Chinese Police Seize Bitcoin’s 1% Total Supply

Singapore and China – The recent police crackdown on the PlusToken scheme in China have seized billions of cryptocurrencies. Last November 19, the Jiangsu Yancheng Intermediate People’s Court confirmed the confiscation of cryptocurrencies under law enforcement.

According to the recent reports, 833,083 ETH, 194,5 BTC, 487 million XRP, 79,581 BCH, 1.4 million LTC, 27.6 million EOS, 74,167 DASH, 6 billion DOGE, and 213,724 USDT were seized. At the time of writing, over $4 billion worth of digital assets were confiscated. The court said that this situation would be processed according to laws, and the gains and proceed will be forfeited to the national treasury. 

According to the recent court ruling that occurred last November 26, the Chinese police took the digital assets from seven persons convicted during the crackdown. Altogether, the virtual currencies valued more than $4.2 billion, using the prevailing market prices. 

The Yancheng Intermediate People’s Court ruling revealed no one could longer use it once the cryptocurrencies are processed. It is not clear how China would dispose of these virtual currencies. If they sell it for fiat currency, it could again affect the seized pool’s virtual currencies prices. Many crypto enthusiasts suggest that much or all of the coins should have been exchanged instead.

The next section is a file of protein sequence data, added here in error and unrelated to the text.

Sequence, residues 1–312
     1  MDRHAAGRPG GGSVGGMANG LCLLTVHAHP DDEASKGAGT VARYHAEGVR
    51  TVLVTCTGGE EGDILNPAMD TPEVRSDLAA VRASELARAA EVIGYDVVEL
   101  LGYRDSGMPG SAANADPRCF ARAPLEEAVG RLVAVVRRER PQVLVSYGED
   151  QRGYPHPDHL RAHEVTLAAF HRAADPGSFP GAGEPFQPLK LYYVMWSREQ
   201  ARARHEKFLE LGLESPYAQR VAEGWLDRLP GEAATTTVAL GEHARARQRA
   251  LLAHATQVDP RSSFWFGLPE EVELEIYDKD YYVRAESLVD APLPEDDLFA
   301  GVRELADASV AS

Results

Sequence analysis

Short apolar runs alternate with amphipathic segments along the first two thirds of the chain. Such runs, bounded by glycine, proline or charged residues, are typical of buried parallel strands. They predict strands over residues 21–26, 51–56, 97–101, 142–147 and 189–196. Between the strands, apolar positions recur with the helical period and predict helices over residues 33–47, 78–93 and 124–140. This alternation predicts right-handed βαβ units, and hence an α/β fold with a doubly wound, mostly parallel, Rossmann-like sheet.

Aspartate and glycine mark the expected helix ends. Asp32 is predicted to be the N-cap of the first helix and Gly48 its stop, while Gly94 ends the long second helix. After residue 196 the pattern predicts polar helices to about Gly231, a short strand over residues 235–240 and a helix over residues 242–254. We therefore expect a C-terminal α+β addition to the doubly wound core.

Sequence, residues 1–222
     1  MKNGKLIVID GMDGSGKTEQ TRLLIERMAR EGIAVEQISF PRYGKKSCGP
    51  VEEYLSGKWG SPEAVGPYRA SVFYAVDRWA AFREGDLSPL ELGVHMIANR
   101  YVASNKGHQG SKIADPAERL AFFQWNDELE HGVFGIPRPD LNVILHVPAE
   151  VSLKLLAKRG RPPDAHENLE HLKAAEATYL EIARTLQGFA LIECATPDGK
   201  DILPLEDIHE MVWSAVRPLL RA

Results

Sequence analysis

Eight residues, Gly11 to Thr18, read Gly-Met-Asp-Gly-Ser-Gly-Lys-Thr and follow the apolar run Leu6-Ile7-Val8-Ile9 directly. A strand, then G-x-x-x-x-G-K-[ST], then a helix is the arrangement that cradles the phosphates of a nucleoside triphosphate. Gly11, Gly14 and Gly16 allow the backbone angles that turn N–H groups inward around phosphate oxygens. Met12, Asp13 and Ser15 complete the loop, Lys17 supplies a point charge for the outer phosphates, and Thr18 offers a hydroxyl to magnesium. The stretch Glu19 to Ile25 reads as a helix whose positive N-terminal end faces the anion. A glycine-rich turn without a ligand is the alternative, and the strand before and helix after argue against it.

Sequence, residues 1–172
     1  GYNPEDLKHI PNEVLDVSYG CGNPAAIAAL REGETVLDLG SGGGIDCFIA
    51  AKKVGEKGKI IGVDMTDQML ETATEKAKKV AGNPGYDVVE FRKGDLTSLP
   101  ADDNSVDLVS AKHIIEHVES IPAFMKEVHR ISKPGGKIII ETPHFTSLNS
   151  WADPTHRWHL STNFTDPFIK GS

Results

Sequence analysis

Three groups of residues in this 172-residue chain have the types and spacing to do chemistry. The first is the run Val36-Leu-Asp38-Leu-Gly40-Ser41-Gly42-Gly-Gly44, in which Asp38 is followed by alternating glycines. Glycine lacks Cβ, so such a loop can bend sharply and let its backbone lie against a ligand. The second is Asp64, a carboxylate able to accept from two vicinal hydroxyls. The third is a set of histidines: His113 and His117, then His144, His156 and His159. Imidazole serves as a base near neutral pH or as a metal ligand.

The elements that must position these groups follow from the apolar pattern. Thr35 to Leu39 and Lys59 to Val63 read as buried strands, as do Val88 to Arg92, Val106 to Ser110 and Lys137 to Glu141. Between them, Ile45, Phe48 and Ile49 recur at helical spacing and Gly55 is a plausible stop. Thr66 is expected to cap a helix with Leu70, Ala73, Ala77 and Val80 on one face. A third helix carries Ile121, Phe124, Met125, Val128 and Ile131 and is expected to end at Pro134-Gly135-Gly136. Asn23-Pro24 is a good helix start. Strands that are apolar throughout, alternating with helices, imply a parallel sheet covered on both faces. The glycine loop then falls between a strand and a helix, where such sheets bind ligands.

Despite the Chinese police crackdown, China’s President Xi Jinping Asks ASEAN countries, including Singapore, join hands to promote a “Digital Silk Road.” According to recent reports, President Xi’s top priority is to develop a stronger relationship with Singapore and other sea countries and promote better digital connectivity. 

The president previously said that China and other ASEAN countries should seize the opportunities that blockchain gives. Xi also reiterated blockchain’s importance and the need to accelerate technology development. 

Currently, over 500 blockchain projects have been registered in China’s government. This number sets to allow the world’s second-largest economy to control the nascent technology development without competition from Europe and the United States.

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